Trade Bullies are Sometimes Right

Canadian pundits, politicians and industry are pillorying the U.S. for their position on various trade issues. As they should–the U.S. is a trade bully, no doubt about it.

On issues as diverse as cattle, grain, and softwood lumber, the U.S. has played hardball politics with Canadian interests, with little respect for the rules.

Their behavior shows that trade rules are made to be broken. And their actions–like those of the governing Liberals in Ottawa and Victoria-illustrate that the driving force in trade matters is the ephemeral political interests of the governing party and their key donors.

And Canadians suffer as a result.

Unfortunately, in response to this bullying our Canadian politicians huff and puff and blowwwwww… smoke. When they want to get real aggressive, hold your breath, they… cancel a meeting.

But the problems we have been having with softwood go beyond wimpy politicians. Greedy Canadian logging companies are also at fault. The fact is that the U.S. is right about an essential element of the softwood dispute-Canada does subsidize its forest industry. And Canadian companies have been fighting for decades to keep and expand these hidden and direct windfalls.

The reality of Canadian logging subsidies is unpopular, but true. Most Canadians get whiplash from competing WTO and NAFTA rulings. We are lost in endless Byzantine trade panel rulings on cross border pricing, or the definition of “injury” and “dumping.” We don’t understand why the softwood subsidy issues continue.

A quick review of a few simple numbers makes the essense of the softwood dispute, and the US concerns, very clear.

  1. For 36% of the wood cut in BC since 2001, logging companies paid only 25 cents a cubic metre.
  2. In 7 forest districts in 2005 25 cent stumpage was paid on over half the logs cut.
  3. And in the North Coast Forest District, home to a big portion of the yet unprotected Great Bear Rainforest, over 85% of the logging produces only 25 cents a cubic metre.


Would you allow someone to log a tree the size of the average Canadian telephone pole from your backyar and pay you only a quarter?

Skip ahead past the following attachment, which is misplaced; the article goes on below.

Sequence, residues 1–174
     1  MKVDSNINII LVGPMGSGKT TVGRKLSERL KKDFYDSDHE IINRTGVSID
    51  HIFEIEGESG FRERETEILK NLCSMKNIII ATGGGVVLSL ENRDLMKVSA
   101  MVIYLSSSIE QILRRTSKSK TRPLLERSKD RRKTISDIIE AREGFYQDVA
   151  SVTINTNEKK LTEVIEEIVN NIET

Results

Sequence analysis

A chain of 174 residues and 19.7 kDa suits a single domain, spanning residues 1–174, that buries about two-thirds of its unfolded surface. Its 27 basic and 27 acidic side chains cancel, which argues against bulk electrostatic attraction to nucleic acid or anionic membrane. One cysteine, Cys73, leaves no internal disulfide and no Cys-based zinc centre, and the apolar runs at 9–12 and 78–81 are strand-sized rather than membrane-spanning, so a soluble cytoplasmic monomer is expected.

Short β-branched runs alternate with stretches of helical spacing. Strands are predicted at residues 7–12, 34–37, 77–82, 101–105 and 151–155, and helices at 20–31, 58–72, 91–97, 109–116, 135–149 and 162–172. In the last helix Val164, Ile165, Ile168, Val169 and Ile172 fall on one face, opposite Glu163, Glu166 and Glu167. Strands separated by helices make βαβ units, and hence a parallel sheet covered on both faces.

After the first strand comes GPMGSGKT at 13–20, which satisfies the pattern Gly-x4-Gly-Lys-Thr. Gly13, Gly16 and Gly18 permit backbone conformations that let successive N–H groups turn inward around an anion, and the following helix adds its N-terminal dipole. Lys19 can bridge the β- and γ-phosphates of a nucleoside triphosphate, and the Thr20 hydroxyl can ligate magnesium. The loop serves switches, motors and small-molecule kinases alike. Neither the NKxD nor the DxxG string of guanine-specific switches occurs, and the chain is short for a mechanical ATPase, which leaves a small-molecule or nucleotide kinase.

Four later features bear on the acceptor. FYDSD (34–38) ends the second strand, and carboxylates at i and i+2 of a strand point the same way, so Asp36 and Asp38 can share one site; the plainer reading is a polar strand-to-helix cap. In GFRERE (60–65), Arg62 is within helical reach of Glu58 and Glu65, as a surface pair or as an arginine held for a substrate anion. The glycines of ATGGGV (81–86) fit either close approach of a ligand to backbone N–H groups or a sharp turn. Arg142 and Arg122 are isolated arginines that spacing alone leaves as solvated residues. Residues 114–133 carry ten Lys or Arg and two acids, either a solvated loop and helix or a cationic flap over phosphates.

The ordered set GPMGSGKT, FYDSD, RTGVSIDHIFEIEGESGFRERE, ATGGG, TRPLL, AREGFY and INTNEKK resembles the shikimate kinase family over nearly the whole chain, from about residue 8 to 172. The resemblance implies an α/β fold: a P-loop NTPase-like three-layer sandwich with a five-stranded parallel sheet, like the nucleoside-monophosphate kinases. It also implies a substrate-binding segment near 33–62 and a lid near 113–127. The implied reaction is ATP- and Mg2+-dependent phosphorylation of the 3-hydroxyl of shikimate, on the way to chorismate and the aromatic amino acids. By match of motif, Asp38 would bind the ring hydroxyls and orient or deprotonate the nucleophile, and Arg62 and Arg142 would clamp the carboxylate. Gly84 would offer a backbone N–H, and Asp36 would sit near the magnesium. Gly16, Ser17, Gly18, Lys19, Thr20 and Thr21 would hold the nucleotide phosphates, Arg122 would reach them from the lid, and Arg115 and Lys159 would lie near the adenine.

If that is not a subsidy, what is?

Discussion about the low return Canadian governments get for trees logged on public lands is overlooked.  The average Canadian gets whiplash from competing WTO and NAFTA rulings about the vagaries of Byzantine trade panel rulings on cross border pricing, or the definition of “injury” and “dumping.”

Frankly, I am not interested in supporting either side in the dispute. Nor are WTO or NAFTA panel rulings good for anything but putting us all to sleep. More important is a fulsome discussion in Canada, particularly in B.C., about whether we are getting a fair return on our public assets. 

This is not an academic discussion. It will determine the revenues we as British Columbians have available to pay for things like schools, and health care.

For example, recently the U.S softwood lobby alleged that the low stumpage paid for beetle wood is a subsidy. They argue that the stumpage is reduced (often to 25 cents), but the companies are enriched because the timber’s market value isn’t affected. Again, the U.S. timber lobby is right. This is the untold story of the so-called beetle crisis.

How come this obvious subsidy hasn’t been exposed by the Canadian media? Good question!

The way the BC Liberal government and the timber industry are taking advantage of the beetle problem to enrich themselves is one the biggest untold stories of the last few years.

There are real winners and losers here. And the resulting impacts on already threatened rural communities are long term.

The unsustainable logging of millions of beetle affected trees, won’t reduce the beetle problem, but will likely turn dozens of rural communities into ghost towns for however long it takes merchantable trees to grow back. The inevitable falldown in timber supply after the beetle frenzy is over will shut down mills and cut jobs in just a few years.

Who benefits from this policy? No surprise, the big timber companies-who just happen to be big Liberal Party donors.

Who loses? Forest dependant communities and workers who won’t have any logging jobs for the 40, 80 or 120 years it takes for the trees to grow back. Wildlife, like grizzlies, wolverine, caribou, and moose that won’t have anywhere to live or eat for the same 40, 80 or 120 years.

And you and I-average British Columbians-who are being bilked out of potentially hundred of millions of dollars in stumpage that is rightfully ours.

John Allan, spokesman for the B.C. timber industry has been quoted as saying that these low rates are necessary to entice companies to salvage the wood.

But since the beetle damage is done-and there is no increased risk of further beetle problems-if it is not economic to log these trees at fair stumpage rates, then they should be left standing. Jobs can be created   managing for fire.

To do anything less is a subsidy.

So in addition to focusing on the bullies down south, British Columbians need to start demanding our politicians address the low stumpage rates that are driving the softwood dispute. Until these issues are addressed softwood battles with the U.S. will continue.

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